A second consultation is to be held on the Small Isles MPA on the north-west coast of Scotland, reports Tim Oliver

Proposed draft management measures will be published in August, and the consultation will last for eight weeks.

Scottish Environment Secretary Roseanna Cunningham told a meeting last week of the Scottish Environment, Climate Change and Land Reform Committee that she expected the statutory instruments would be laid in the Scottish Parliament in time for measures to take effect on 1 January 2017.

Original proposals to set up the MPA were delayed after Mallaig and North West Fishermen’s Association raised concerns over the effects of the MPA on local fishermen’s livelihoods and safety. More talks have since been held.

The Environment Secretary was responding to questions from Kate Forbes, the local MSP for the Skye, Lochaber and Badenoch constituency, which includes the Small Isles. Ms Forbes also asked Ms Cunningham about the timetable for the second batch of MPAs and special areas of conservation (SACs) management measures in the region, and how she would ensure that all stakeholders were engaged and part of the process.

The minister said there ‘constant discussions’ with stakeholders and a formal consultation was planned for the coming winter.

Kate Forbes also asked the minister how the government was monitoring ‘the success or otherwise’ of the MPAs already in place – in particular, the impact on livelihoods.

Ms Cunningham replied: “We do not have any initial findings, at the moment. It is all a bit too recent – the MPAs have really taken effect only this year and official fisheries data take a while to feed through for analysis.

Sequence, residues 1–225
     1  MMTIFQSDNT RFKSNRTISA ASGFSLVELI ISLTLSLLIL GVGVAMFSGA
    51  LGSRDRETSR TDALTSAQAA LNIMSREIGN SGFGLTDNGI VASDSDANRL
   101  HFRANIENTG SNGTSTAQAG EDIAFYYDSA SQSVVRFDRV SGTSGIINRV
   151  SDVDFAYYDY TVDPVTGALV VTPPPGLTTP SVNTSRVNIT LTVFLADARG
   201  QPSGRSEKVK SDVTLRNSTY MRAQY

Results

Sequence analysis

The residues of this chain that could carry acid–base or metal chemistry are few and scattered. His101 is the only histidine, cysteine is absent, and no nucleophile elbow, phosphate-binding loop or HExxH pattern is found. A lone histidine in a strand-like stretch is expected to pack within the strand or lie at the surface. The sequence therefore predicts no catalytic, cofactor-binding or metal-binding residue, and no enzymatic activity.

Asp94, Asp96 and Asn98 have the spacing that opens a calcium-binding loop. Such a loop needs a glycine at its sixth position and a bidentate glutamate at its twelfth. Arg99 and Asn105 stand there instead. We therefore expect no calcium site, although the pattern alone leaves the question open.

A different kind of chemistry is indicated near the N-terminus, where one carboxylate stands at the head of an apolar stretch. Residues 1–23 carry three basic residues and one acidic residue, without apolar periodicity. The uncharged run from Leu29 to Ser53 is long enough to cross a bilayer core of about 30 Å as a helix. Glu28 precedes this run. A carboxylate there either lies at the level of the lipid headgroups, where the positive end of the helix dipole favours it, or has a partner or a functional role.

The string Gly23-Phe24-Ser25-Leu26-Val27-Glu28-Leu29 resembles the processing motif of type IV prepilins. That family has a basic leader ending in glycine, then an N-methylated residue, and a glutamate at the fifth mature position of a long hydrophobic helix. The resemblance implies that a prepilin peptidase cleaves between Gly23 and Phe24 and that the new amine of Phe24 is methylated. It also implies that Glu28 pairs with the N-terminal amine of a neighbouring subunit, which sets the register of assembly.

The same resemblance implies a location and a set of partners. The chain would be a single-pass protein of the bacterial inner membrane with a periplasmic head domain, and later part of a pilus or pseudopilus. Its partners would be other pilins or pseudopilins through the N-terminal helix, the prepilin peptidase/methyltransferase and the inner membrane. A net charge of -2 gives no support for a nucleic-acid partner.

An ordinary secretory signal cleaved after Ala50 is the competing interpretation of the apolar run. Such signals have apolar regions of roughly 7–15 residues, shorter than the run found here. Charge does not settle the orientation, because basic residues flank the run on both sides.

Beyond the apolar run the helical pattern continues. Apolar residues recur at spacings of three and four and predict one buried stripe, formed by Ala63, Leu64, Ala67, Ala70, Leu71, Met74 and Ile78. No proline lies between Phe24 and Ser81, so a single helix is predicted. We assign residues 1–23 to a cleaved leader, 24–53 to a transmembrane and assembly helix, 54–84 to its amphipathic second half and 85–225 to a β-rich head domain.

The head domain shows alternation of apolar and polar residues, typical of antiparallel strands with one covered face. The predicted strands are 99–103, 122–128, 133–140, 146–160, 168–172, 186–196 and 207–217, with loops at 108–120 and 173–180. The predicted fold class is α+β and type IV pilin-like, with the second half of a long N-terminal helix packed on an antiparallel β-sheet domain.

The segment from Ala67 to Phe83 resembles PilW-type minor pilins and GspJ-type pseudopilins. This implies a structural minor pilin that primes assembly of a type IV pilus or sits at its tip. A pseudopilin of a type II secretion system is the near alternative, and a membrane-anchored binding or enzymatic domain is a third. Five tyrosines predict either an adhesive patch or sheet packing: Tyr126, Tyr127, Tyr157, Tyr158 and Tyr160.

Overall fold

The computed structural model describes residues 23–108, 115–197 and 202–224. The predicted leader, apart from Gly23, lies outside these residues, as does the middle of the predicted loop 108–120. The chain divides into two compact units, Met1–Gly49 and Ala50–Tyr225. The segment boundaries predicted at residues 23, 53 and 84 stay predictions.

“There will be socio-economic monitoring. It will look at two different areas – how the fishing industry is changing its activities in response to the MPAs, and the resulting impact on landings. That means also looking at incomes and employment in coastal areas. We are gathering evidence on that, and we hope to be able to report on it by the end of the year.

“In a sense, this is all an on-going process. We are consulting, introducing and monitoring and then examining results. It is a rolling caravan that is constantly under assessment, and each stage informs how we handle the next one.”

The traditional fishing community of Mallaig is heavily reliant on sensible management proposals for The Small Isles MPA.

The traditional fishing community of Mallaig is heavily reliant on sensible management proposals for The Small Isles MPA.

The committee convenor asked the minister about meetings of its predecessor committee earlier this year with some stakeholders, who ‘came out of the room feeling that points that they had made had been accepted and taken on board, but it turned out in the final proposals that they had not’.

“Are you confident that the way in which dialogue and consultation will take place going forward will mean that we avoid such situations?” asked the convenor.

The minister said: “One of the issues is that we are required, for MPA designations, to look at the science, not the socio-economics, whereas the communities that are affected by them want to look at the socioeconomics, and not just the science. There is always a bit of dynamic tension in the process. The analysis of the existing MPAs and their impacts will be important for future discussions. We are in constant dialogue on the issues and will probably continue to be so.”

Kate Forbes said after the meeting she was pleased that the Scottish government was prepared to listen to the concerns of fishermen.

The Small Isles MPA covers 800 square kilometres and one feature it is being set up to protect is the UK’s only beds of rare fan mussels.